The Search for Spiritual Identity in Adolescents and Young Adults
Minister Ejane Ellis
Dr. Gloria Thomas
Spring Arbor University
Master of Arts in Family Studies
November 6, 2012
Life is a journey from birth to death. It’s a puzzle with us trying to find the right fit, size and shape where the pieces will fit to make us whole. So we begin by growing, and developing, and learning and moving, and thinking and tasting, and touching and testing, and hugging and loving! We go through different stages of growth and growing, and learning and maturing and changing and aging and ultimately death. This writer believes we are searching for our spiritual identity. The NIV Bible says that the Lord God formed man from the dust of the ground and breathed into his nostrils the breath of life, and man became a living being. Man’s spiritual identity comes from God!
Jesus was about twelve years old according to the NIV Bible when he began his quest for spiritual identity. Luke 2:49 reads: "Why were you searching for me?" he asked. "Didn't you know I had to be in my Father's house?" After a female egg becomes fertilized by a male sperm it becomes a zygote. This living organism is a product of each parent’s chromosomes. This zygote begins a two week period of rapid cell division which eventually becomes an embryo. Eventually, this embryo will become a living being which was produced and created by its two parents. This child’s physical identity comes from his parents!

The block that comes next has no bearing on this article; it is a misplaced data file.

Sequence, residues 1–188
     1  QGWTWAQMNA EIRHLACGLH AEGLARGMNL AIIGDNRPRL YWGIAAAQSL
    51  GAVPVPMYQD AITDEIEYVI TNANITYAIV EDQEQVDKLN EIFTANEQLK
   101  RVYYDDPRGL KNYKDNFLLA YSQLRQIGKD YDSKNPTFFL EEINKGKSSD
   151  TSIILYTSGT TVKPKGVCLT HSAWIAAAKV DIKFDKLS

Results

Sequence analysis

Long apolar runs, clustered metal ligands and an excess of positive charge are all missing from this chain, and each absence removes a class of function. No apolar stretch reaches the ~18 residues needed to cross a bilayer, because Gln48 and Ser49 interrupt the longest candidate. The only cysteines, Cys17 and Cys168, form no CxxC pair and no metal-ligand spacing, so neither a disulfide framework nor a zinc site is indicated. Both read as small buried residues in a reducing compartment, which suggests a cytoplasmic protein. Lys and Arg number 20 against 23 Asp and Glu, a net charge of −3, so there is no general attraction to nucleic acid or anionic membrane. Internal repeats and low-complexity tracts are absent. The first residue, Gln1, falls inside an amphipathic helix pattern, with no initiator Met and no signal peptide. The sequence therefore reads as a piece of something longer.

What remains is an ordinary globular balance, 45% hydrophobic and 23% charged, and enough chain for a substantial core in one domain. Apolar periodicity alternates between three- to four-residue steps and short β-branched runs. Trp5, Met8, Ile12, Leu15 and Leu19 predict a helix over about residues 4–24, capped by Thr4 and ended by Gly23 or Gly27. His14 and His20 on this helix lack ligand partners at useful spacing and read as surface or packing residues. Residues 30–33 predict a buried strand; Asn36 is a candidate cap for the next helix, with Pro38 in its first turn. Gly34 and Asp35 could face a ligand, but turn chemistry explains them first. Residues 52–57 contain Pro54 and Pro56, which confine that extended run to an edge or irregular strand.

I use the term parent’s very loosely because I am aware that his identity comes from his bloodline or his genes. I am making a point.
By far the most provocative theory of identity development is Erik Erikson’s. It was Erikson who first understood how central questions about identity are to understanding adolescent development. Erikson’s fifth developmental stage (identity versus identity confusion) says during this time adolescents (between the ages of eleven to young adult hood) are faced with who they are, what they are all about and where they are going. Erikson framed the best of maturity in the ego identity of what he called the moral-ethical, spiritual human. This human is one with a horizontal, earthly identity and a vertical, transcendent identity, meaning an identity both religious and spiritual that embraces non-physical manifestation.
As adolescents search for their spiritual identity researchers have found that various aspects of religion are linked to positive outcomes in adolescents. Religion has been proven to play a role in adolescent’s health and whether or not they engage in problem behaviors (Cotton & others, 2006). For example, in a recent national random sample of 2000 11-18 year olds, those who were higher in religiosity were less likely to smoke, drink alcohol, use marijuana, not be truant in school, not engage in delinquent behavior and not be depressed as compared to their counterparts with lower religiosity (Sinha, Cnaan, & Gelles, 2006). The initiator of the Baha”i movement, Baha””u “llah in 1863 believed that there were seven mystical stages to human development and he believed as does most Muslims today that human development is closely linked to religious development. He referred to those stages as “The Seven Valleys and the Four Valleys”. They are: * The Valley of Search
* The Valley of Love
* The Valley of Knowledge
* The Valley of Unity
* The Valley of Contentment
* The Valley of Wonderment
* The Valley of the True Poverty and Absolute Nothingness He believed that one has not truly developed unless he has entered in or experienced each of these stages.
During my years of adolescence I was considered somewhat of a spoiled child. My mother sent me to a modeling school to become a trained runway model. By the time I was 13 I have performed in more than 100 different fashion shows in and around Michigan, Illinois and New York. Needless to say my environment consisted...
Please join StudyMode to read the full document